Mesenteric venous thrombosis
Mesenteric venous thrombosis is a blood clot in one or more of the major veins that drain blood from the intestine.
Mesenteric venous thrombosis is a clot that blocks blood flow in a mesenteric vein. There are two such veins through which blood leaves the intestine. The condition stops the blood circulation of the intestine and can result in damage to the intestine.
There are several diseases that can lead to mesenteric venous thrombosis. Many of the diseases cause swelling (inflammation) of the tissues surrounding the veins, and include:
Patients who have disorders that make the blood more likely to stick together (clot) have a higher risk of mesenteric venous thrombosis. Birth control pills and estrogen medicines increase risk of this condition.
Symptoms may include any of the following:
- Abdominal pain, which may get worse after eating and over time
- Gastrointestinal bleeding
Exams and Tests
A CT scan is the main test used to diagnose mesenteric venous thrombosis.
Other tests may include:
- Angiogram (studying the blood flow to the intestine)
- MRI of the abdomen
- Ultrasound of the abdomen and mesenteric veins
Blood thinners (most commonly heparin or related drugs) are used to treat mesenteric venous thrombosis when there is no associated bleeding. In some cases, medicine can be delivered directly into the clot to dissolve it. This procedure is called thrombolysis.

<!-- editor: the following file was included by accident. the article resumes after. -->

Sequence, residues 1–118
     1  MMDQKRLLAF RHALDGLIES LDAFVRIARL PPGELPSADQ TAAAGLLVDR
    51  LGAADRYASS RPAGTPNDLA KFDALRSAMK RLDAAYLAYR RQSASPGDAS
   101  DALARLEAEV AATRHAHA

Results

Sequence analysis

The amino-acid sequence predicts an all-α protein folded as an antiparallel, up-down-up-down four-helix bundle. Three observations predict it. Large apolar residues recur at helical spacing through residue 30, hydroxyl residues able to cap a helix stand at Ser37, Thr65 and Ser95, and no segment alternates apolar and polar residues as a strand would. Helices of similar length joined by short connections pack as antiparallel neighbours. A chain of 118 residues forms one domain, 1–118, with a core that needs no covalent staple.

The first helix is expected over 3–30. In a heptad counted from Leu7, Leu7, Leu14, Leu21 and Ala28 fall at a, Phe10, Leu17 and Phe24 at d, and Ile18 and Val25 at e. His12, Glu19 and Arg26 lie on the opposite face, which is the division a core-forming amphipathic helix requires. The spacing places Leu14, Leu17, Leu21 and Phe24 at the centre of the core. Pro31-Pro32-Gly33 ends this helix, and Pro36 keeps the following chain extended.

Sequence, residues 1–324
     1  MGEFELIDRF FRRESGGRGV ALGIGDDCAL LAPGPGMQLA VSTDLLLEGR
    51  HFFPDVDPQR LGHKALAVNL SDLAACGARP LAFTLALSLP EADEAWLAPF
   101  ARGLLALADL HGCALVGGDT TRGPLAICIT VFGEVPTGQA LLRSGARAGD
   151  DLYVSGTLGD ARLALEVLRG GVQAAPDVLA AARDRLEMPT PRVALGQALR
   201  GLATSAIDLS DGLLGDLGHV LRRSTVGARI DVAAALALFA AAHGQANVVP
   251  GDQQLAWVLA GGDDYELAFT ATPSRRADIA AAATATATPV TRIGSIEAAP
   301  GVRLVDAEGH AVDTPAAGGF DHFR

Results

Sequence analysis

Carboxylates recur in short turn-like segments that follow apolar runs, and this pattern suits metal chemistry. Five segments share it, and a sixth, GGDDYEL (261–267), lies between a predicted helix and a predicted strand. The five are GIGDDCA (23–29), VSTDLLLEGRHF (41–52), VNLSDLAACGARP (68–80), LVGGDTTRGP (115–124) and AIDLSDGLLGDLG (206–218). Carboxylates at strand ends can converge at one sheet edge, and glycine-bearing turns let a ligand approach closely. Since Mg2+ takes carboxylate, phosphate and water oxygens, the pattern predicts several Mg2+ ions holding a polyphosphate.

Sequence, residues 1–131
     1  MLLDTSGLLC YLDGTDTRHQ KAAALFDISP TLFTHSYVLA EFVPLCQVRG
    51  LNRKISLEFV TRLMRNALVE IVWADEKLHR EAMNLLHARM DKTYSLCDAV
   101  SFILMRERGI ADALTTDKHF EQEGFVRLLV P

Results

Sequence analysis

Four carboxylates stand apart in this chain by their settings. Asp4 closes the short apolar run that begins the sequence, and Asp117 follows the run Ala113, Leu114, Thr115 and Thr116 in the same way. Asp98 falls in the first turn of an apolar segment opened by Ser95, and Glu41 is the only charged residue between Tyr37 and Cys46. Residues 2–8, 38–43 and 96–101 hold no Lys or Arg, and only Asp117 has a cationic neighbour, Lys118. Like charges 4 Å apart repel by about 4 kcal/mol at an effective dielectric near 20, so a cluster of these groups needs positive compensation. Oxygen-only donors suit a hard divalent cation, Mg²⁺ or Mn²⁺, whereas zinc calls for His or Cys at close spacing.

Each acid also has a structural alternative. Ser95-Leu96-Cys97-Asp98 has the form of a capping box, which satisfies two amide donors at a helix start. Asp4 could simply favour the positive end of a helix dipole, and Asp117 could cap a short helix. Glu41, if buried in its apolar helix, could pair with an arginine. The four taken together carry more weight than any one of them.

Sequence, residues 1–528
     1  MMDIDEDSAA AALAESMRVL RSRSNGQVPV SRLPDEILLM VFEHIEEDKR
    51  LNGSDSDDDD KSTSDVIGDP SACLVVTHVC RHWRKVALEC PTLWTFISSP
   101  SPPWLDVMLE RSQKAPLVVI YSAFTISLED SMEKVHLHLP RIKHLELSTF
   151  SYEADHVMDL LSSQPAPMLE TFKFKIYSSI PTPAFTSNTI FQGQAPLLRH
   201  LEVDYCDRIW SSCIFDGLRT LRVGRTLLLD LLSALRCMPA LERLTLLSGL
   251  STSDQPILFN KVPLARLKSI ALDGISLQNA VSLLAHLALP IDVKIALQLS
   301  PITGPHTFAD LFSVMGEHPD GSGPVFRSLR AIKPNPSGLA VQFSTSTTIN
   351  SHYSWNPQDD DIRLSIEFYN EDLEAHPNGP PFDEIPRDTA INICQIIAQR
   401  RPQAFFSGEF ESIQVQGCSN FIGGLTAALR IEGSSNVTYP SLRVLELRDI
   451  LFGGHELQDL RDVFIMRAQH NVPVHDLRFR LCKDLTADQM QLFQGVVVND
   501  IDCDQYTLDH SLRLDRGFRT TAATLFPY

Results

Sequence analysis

Less often, the clot is removed with a type of surgery called thrombectomy.
If you have signs and symptoms of a severe infection called peritonitis, you will usually need surgery to remove the intestine. After surgery, you may need an ileostomy (opening from the small intestine into a bag on the skin) or colostomy (an opening from the colon into the skin).
How well you do depends on the cause of the thrombosis and any damage to the intestine. Getting treatment for the cause before the intestine has died can result in a good recovery.
Intestinal ischemia is a serious complication of mesenteric venous thrombosis. Some or all of the intestine dies because of poor blood supply.
When to Contact a Medical Professional
Call your health care provider if you have severe or repeated episodes of abdominal pain.
Brandt LJ, Feuerstadt P. Instestinal ischemia. In: Feldman M, Friedman LS, Brandt LJ, eds. Sleisenger and Fordtran's Gastrointestinal and Liver Disease Pathophysiology/Diagnosis/Management. 9th ed. Philadelphia, PA: Elsevier Saunders; 2010:chap 114.
Review Date: 5/29/2014
Reviewed By: Yi-Bin Chen, MD, Leukemia/Bone Marrow Transplant Program, Massachusetts General Hospital. Also reviewed by David Zieve, MD, MHA, Isla Ogilvie, PhD, and the A.D.A.M. Editorial team.